The Universe, space, and time, is a difficult concept to comprehend due to its vast and infinite size. That is why the Lightyear was created, which is the distance that light travels in 1 year or just under 6 trillion miles (5,878,625 million miles). The “year” contains measurements of both time and distance, where time is calculated on the Julian scale, where 1 year is equal to 365.25 days. Because light takes time to travel from one place to another, we can therefore look farther back through time through telescopes. We see objects not as they are now but as they were at the time when they released the light that has traveled across the universe to Earth. That is what fascinates me about Astronomy and why I started the hobby of Astrophotography.
Take the image above, for example. We are looking at the NGC 3395 and 3396 galaxies as they were 85 million years ago because the distance that these objects are in space are 85 Million Lightyears from Earth. So what was happening on Earth 85 million years ago? Earth was in the Cretaceous Period, defined by following characteristics:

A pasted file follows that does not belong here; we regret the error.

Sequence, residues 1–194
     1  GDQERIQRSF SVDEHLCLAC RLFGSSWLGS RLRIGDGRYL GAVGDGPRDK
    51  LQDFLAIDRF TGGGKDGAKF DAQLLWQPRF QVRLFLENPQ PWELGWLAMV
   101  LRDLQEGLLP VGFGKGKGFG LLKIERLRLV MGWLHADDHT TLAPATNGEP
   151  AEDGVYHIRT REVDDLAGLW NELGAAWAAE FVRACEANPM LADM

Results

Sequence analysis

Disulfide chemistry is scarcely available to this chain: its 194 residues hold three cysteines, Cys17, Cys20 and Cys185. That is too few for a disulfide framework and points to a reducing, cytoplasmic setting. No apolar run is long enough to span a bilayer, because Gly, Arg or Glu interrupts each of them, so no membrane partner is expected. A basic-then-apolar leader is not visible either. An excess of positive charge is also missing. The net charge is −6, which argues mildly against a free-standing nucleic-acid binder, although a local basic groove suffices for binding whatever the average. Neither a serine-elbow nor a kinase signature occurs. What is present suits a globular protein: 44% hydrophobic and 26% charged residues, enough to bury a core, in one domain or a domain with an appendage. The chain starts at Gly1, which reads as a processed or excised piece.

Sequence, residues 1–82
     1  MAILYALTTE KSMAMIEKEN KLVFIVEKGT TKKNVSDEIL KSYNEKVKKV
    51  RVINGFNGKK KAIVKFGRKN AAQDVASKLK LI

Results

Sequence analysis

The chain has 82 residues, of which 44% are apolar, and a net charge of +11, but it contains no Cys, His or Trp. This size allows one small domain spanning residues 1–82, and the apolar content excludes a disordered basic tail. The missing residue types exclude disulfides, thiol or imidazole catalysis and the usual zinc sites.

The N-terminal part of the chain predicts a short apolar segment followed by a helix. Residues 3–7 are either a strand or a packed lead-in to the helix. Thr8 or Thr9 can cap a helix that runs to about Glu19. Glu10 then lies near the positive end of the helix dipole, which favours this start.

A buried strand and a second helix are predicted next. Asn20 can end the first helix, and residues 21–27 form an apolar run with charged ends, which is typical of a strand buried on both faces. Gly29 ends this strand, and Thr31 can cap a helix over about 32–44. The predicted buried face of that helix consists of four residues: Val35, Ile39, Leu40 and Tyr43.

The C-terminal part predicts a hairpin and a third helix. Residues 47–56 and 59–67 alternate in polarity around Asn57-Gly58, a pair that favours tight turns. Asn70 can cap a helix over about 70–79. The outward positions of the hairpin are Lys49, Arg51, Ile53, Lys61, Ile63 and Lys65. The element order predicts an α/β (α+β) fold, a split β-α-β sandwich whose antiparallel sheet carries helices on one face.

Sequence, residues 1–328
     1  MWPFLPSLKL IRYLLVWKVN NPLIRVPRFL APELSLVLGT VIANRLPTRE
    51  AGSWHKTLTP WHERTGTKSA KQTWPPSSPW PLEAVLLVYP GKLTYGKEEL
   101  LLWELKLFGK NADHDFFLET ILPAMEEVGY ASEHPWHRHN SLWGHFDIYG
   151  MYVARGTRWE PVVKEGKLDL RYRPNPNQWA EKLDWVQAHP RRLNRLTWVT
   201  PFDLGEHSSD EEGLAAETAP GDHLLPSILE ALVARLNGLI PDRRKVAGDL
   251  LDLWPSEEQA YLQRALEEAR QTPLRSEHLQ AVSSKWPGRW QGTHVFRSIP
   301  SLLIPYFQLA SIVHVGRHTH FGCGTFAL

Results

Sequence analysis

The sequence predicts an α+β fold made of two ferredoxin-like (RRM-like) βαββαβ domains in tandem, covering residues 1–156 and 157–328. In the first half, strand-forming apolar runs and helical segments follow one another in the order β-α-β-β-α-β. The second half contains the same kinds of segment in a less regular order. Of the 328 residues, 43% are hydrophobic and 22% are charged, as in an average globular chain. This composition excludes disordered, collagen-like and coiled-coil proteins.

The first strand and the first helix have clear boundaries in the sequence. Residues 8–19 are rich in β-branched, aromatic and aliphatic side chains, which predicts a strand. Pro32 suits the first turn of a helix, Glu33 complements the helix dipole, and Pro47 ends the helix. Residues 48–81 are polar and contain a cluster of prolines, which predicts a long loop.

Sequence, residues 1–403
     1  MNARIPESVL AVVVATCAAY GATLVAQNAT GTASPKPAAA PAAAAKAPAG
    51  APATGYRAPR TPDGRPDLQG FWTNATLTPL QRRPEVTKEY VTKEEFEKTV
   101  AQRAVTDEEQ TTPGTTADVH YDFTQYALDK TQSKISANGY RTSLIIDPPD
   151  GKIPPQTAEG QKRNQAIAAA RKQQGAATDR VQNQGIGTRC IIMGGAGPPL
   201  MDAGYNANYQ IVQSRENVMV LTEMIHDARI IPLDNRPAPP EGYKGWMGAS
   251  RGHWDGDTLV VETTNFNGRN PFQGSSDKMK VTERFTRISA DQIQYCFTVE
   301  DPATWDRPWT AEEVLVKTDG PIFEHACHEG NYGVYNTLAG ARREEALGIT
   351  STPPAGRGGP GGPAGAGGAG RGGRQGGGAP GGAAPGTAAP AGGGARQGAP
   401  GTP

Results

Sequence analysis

“Flowering plants proliferate, along with new types of insects. More modern teleost fish begin to appear. Ammonoidea, belemnites, rudistbivalves, echinoids and sponges all common. Many new types of dinosaurs (e.g. Tyrannosaurs, Titanosaurs, duck bills, and horned dinosaurs) evolve on land, as do Eusuchia (modern crocodilians); and mosasaurs and modern sharks appear in the sea. Primitive birds gradually replace pterosaurs. Monotremes, marsupials and placental mammals appear. Break up of Gondwana. Beginning of Laramide and Sevier Orogenies of the Rocky Mountains. Atmospheric CO2 close to present-day levels (source: wikipedia).”